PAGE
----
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Among the cyanine dyes evaluated, compound 3 (IR783), the polymethine cyanine-based dye with the indolenine nucleus, a chlorinated cyclohexenyl center and a sulfonate group, was found to be the best candidate for NIR fluorescence tumor imaging in the series of NIRFs 1-5, 7-10, Cypate (6), ICG and IR820 probed for their absorbance/fluorescence properties. Although, NIRF 3 was the best both in terms of the spectral properties and tumor affinity, it would not be feasible to use it in the original form for our purposes. It needed further functionalization before conjugation to HPPH (3-(1'-hexyloxyethyl)pyropheophorbide-a), a highly effective photosensitizer undergoing Phase II human clinical trials . In addition, cyanine dyes 5, 7-10 were synthesized from their parent IR820 and 3 (IR783) by replacing the central chlorinated cyclohexenyl group with 3-mercaptobenzoic acid (to yield 7 and 10), 4-mercaptobenzoic acid (to yield 5) and 4-aminophenol (to yield 8 and 9). Also, among the functionalized NIRFs (5, 7-10), the best structural substitute in terms of tumor uptake was found to be 4-aminothiophenol. At the same time, the photophysical data showed that the substitution with 4-aminothiophenol caused quenching of the fluorescence in substituted NIRFs 8 and 9. Based on the results reported in this study, further studies were performed: the NIRFs 5, 7, 8, 9 and 10 were conjugated with HPPH in the mono and di-forms. See the succeeding paper (Part-2, pages 703 - 718). NIRFs 5 and 7 were used to assess whether the position of the dye with respect to HPPH within the conjugate made a difference in PDT response.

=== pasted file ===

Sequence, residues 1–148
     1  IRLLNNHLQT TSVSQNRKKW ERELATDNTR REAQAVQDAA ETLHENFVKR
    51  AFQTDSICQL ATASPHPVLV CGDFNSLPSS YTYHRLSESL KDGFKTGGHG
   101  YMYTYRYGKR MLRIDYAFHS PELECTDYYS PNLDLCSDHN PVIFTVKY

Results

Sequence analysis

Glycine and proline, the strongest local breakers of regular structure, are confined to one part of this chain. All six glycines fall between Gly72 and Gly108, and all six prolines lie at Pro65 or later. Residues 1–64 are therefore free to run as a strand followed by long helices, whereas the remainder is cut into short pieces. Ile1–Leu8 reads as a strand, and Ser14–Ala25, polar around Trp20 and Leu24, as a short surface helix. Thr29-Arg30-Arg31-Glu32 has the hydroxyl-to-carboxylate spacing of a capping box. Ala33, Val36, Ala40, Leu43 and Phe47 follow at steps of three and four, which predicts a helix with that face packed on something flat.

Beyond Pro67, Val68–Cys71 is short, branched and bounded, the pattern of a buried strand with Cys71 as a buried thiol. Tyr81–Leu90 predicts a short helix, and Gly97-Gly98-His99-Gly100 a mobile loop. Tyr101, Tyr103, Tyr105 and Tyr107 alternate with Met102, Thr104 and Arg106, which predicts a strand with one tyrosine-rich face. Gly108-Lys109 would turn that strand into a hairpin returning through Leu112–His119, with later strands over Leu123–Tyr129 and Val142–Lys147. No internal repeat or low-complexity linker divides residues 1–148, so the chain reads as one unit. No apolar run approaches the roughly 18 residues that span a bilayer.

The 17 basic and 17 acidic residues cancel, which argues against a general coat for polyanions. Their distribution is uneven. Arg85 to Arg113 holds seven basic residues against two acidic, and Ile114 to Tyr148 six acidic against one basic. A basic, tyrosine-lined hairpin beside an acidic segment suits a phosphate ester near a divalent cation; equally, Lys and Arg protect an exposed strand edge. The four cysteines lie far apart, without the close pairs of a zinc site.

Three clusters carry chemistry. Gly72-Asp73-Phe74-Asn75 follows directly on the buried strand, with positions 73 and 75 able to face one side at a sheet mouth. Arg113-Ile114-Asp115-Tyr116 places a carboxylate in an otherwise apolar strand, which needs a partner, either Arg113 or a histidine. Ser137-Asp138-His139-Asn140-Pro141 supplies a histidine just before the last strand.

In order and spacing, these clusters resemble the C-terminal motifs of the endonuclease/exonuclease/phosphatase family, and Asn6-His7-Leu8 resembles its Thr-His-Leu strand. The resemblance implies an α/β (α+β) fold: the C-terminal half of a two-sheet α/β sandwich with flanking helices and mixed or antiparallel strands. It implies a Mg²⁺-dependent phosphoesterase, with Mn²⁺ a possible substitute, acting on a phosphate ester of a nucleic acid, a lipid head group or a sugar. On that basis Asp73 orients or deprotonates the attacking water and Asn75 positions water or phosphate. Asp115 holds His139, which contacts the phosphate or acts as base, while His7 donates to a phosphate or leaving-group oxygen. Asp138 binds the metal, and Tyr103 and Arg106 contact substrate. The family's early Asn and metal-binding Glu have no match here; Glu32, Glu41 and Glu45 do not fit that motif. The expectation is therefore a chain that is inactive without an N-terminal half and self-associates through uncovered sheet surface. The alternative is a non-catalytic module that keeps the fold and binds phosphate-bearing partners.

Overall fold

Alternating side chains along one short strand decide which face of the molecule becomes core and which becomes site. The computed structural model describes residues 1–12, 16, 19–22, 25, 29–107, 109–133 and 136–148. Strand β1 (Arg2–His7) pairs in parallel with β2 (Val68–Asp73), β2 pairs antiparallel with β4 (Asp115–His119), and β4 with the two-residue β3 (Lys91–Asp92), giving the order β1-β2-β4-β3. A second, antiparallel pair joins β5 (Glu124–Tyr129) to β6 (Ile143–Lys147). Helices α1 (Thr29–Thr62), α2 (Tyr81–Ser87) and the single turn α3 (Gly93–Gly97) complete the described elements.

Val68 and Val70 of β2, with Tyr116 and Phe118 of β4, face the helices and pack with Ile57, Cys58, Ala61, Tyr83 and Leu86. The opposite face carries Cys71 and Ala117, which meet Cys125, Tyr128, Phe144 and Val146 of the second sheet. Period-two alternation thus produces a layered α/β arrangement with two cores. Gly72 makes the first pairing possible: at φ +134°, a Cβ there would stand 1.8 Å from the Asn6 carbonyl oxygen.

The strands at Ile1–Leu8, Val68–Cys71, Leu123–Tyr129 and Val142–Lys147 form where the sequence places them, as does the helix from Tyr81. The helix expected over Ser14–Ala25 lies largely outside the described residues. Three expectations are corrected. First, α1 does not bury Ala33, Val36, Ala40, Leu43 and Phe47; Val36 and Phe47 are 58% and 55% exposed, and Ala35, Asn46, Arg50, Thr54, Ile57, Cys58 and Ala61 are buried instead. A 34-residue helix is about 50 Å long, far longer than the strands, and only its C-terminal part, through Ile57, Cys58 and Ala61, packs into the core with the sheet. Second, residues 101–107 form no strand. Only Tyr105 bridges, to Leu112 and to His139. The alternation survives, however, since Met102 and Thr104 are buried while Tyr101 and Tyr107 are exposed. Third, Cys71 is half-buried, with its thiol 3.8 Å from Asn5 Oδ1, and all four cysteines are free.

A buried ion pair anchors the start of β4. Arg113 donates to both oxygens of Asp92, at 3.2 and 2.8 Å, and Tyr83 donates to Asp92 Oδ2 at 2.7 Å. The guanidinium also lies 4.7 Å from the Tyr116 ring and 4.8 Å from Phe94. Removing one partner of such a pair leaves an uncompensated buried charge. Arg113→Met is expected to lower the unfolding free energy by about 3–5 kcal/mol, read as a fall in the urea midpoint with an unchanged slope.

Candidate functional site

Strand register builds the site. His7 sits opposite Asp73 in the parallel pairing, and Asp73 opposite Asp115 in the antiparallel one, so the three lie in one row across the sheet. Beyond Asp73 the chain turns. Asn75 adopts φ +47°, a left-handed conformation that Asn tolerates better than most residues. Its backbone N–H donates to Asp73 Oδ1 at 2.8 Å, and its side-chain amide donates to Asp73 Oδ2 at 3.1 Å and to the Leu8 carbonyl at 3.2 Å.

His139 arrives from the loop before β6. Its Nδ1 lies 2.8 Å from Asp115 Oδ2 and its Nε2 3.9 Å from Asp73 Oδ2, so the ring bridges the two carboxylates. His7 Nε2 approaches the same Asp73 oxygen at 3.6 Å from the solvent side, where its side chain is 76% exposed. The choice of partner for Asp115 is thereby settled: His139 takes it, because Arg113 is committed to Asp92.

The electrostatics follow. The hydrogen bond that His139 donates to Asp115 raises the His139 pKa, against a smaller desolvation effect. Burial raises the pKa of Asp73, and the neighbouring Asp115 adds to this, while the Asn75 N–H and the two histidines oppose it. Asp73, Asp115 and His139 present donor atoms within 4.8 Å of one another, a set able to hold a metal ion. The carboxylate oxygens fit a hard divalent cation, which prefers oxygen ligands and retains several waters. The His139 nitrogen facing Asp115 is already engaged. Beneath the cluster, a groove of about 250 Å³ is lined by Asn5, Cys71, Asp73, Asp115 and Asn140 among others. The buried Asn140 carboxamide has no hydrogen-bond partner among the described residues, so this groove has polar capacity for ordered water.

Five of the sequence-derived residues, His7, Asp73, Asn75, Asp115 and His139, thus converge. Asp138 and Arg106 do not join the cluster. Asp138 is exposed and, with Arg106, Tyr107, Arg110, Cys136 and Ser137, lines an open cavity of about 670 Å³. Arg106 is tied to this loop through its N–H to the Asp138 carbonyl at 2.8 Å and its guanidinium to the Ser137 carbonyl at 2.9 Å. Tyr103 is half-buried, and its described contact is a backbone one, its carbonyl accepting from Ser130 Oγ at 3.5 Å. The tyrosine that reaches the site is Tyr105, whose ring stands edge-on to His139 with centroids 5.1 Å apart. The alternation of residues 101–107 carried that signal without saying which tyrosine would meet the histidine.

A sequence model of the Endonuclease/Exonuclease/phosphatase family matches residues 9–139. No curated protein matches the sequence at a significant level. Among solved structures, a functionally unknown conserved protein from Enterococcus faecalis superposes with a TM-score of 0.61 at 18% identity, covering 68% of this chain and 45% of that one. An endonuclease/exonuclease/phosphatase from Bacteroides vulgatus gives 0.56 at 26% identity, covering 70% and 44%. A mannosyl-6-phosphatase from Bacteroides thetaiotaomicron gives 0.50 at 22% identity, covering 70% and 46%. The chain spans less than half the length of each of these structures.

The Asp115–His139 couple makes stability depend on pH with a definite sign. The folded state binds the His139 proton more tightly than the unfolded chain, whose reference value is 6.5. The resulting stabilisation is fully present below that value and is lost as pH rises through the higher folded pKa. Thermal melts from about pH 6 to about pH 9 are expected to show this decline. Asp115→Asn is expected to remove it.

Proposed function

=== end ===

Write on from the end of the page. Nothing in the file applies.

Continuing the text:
Near-infrared (NIR) absorbing fluorescent probes with pH-dependent optical properties offer many advantages over visible dyes, such as low background signal from tissues or other biological samples. Due to their excellent photophysical properties and ease of synthetic modifications, NIR heptamethine cyanine dyes have been increasingly preferred over other fluorescent probes for pH sensing applications. Two major classes of these pH-sensitive dyes include norcyanine dyes with a pH responsive indolium nitrogen atom and ketocyanine dyes with keto-enol isomerization site at the meso-position of heptamethine dye (–). Recently, we reported barbituric acid-incorporated cyanine dyes to generate pH-dependent NIR dyes for biological applications (). Although these dyes show good pH-dependent optical properties, their pKa values were too low for conventional biological applications (pKa~3.5).
Syntheses of pH-dependent pyrazole-substituted NIR cyanine dyes 1-3 are shown in . Meso-pyrazole substituted dyes were obtained from commercially available chloro-substituted dye, IR-820, using modified published procedure (). Under standard Suzuki-coupling conditions, the presence of common base required for these reactions promote decomposition of base-labile heptamethine cyanine dyes or the formation of by-products. These complications were circumvented by conducting the experiment in water/DMF mixture, which served as both a base and reaction solvent. The reaction mixture was purified by column chromatography on reversed phase (RP) silica gel and the precipitate formed after lyophilization of the combined fractions was recrystallized from MeOH/diethyl ether. The UV-Vis and LC-MS data are consistent with the expected features for dyes 1-3.